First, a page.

This is my favourite part of the work I do. At the moment I only have one call a week, but I’d like to do more! If you’d like some help with learning a language, running a website or working for yourself, you can Skype me too!

Part 3: Colombian myths and legends parade explanation and singing Christmas songs (en español)

The first half of this video is in Spanish (with subtitles). I talk about the parade celebrating myths and legends of Colombia, and then I go around the town looking at the amazing Christmas decorations.

To really get into the mood, I sing bits of Christmas songs that I’m sure you know (Jingle bells and Silent night), but in Spanish!

Then I wrap up the day by going out to dance, coming home at 2am!

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I hope you enjoyed joining me on a day of my life in Medellín. Any thoughts on any parts of these videos? Share them with us in the comments below!

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  • WC

    In highschool Spanish class, we learned some Christmas songs. I actually remember some of them better in Spanish than English!

    Learning songs in other languages is fun and rewarding.

    • http://www.fluentin3months.com/ Benny the language hacker

      Definitely! You can see how much fun I was having! After Jingle bells I got an applause from random people on the street, so it’s fun and rewarding for more than just the singer :P

      • http://twitter.com/chrissarda Chris Sarda

        Your next trip to Italy, I expect to hear some opera…

  • http://www.fluentin3months.com/ Benny the language hacker

    Hahaha, that sounds like a chat-up line :P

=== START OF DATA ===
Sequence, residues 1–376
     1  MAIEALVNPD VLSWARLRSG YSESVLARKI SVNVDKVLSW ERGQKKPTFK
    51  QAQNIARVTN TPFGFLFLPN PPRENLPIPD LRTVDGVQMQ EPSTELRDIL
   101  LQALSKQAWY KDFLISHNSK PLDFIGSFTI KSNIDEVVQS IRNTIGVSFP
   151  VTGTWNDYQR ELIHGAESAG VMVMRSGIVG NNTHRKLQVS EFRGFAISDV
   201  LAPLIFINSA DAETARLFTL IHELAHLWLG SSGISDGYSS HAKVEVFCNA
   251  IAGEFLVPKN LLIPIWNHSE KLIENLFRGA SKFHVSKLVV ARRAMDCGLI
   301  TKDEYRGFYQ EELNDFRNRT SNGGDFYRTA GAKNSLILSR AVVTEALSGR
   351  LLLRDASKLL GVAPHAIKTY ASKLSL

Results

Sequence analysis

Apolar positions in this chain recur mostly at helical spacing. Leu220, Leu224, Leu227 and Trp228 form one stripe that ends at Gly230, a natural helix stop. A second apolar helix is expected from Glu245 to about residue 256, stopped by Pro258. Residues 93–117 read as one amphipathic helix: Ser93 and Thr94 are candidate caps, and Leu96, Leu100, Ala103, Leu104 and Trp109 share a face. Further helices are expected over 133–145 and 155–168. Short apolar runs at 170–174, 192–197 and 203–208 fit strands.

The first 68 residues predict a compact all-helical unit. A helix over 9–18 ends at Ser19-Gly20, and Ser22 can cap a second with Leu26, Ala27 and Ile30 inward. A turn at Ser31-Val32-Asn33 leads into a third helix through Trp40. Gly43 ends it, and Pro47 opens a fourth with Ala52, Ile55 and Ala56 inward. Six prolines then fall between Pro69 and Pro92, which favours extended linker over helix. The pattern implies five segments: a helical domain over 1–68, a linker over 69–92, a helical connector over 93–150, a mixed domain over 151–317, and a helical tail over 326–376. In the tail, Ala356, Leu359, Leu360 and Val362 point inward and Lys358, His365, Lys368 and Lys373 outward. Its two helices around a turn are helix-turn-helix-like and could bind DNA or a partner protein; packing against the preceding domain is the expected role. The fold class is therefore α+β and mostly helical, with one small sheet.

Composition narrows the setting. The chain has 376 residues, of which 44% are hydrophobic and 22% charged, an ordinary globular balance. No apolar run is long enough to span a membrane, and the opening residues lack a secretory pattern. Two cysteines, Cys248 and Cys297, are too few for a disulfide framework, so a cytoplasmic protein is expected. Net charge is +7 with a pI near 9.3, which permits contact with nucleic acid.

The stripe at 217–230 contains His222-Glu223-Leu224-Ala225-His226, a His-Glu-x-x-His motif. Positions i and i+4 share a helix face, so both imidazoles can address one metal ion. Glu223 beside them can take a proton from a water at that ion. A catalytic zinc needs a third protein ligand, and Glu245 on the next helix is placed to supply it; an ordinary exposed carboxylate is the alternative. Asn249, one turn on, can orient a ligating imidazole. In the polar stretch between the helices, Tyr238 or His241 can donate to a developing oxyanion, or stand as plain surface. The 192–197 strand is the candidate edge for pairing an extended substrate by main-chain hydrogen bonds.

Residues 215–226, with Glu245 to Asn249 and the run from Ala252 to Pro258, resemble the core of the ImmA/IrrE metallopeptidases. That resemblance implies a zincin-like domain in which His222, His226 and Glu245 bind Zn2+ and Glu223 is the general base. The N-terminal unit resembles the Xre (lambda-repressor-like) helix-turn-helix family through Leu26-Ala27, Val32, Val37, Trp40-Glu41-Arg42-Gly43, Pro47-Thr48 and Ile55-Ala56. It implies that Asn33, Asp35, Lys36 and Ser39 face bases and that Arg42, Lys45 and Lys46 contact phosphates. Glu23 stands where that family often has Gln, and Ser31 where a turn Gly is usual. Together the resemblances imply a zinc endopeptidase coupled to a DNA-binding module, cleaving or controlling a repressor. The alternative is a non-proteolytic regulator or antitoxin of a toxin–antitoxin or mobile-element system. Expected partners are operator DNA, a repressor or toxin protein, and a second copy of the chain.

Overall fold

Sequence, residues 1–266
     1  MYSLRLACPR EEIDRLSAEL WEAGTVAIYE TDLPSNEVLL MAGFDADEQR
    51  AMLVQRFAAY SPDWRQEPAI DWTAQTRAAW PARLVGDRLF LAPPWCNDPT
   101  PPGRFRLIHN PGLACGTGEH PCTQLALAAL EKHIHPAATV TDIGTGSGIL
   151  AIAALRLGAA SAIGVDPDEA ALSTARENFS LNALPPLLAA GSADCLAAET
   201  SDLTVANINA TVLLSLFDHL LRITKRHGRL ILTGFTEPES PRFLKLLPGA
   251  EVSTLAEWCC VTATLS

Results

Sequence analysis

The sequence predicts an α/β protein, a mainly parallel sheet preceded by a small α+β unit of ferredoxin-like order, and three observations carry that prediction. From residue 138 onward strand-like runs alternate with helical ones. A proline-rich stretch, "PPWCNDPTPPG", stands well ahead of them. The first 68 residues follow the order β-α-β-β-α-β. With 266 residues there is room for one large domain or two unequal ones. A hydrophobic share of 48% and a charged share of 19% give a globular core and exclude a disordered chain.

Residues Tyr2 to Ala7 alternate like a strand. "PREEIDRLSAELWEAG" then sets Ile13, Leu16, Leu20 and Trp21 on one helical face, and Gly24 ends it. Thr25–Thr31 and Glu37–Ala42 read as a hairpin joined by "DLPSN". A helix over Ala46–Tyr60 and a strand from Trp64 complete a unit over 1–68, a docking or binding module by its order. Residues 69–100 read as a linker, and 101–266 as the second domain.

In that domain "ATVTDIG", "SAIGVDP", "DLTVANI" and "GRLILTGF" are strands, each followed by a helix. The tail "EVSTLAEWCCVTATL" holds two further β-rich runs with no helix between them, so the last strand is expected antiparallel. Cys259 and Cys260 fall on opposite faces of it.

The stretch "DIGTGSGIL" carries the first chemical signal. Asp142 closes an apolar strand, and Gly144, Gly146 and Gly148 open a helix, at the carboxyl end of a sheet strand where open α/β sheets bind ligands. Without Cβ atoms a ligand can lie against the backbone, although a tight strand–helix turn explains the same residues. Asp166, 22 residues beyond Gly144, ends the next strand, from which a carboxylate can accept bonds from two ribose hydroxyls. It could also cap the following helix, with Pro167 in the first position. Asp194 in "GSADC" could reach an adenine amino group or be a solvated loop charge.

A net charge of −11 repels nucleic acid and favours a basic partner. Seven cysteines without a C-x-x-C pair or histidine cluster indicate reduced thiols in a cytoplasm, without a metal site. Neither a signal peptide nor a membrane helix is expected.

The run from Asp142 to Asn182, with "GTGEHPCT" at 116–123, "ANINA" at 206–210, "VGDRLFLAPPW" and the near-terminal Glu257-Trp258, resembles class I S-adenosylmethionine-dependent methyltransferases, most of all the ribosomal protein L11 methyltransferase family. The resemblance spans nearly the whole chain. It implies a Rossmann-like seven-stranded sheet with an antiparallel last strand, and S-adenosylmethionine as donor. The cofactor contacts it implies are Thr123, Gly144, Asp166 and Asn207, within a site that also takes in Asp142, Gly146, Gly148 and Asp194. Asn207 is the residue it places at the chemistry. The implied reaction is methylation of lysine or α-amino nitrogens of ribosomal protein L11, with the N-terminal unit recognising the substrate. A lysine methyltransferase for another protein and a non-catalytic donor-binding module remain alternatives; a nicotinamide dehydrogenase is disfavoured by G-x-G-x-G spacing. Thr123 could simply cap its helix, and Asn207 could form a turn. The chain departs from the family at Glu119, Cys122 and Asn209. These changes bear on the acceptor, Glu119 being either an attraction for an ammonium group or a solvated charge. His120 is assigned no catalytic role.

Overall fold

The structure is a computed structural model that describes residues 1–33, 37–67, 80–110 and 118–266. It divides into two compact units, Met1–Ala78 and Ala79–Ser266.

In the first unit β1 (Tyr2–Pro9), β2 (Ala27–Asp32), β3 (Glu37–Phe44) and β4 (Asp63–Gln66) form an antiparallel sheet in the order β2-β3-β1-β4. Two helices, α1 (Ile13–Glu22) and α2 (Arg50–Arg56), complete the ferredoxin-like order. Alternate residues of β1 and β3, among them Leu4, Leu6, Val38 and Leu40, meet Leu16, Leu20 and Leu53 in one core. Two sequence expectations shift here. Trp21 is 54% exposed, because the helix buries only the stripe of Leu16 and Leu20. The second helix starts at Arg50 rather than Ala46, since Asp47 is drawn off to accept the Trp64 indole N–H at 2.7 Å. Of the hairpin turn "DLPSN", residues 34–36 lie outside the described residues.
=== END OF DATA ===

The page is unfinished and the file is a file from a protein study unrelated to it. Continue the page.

This year I have been exercising less than normal unfortunately, since I was indoors so much. But clearly as shown in the video I am “working out” with daily salsa lessons here!

    • http://twitter.com/chrissarda Chris Sarda

      After the Salsa lessons Benny always makes sure he bench presses his Salsa teacher…

    • http://twitter.com/chrissarda Chris Sarda

      After the Salsa lessons Benny always makes sure he bench presses his Salsa teacher…

    • http://twitter.com/chrissarda Chris Sarda

      After the Salsa lessons Benny always makes sure he bench presses his Salsa teacher…

  • http://twitter.com/Sebas035 sebastian Martìnez

    very funny and enjoy your day; life here in Medellìn always is very entertaining. I appreciate it (¿) your advice.

    • http://www.fluentin3months.com/ Benny the language hacker

      Yes, I’m going to miss this city!

  • http://www.wanderingtrader.com WanderingTrader

    Great video Benny! i didn’t know the Irish could break it down on the dancefloor like that!! LOL

    • http://www.fluentin3months.com/ Benny the language hacker

      Private lessons every day for several weeks will do that to ya!

  • http://katiaandkyliemac.com Kyliemac

    I love the fact you mention singing in your target language. I’ve been using this technique too, but I would never record myself and put it in the internet! :)

    I particularly enjoy singing along to musicals which also includes a story to follow – especially the ones that I already know in English. The words may change, but I already know all of the tunes. And it definitely helps with pronunciation…

    • http://www.fluentin3months.com/ Benny the language hacker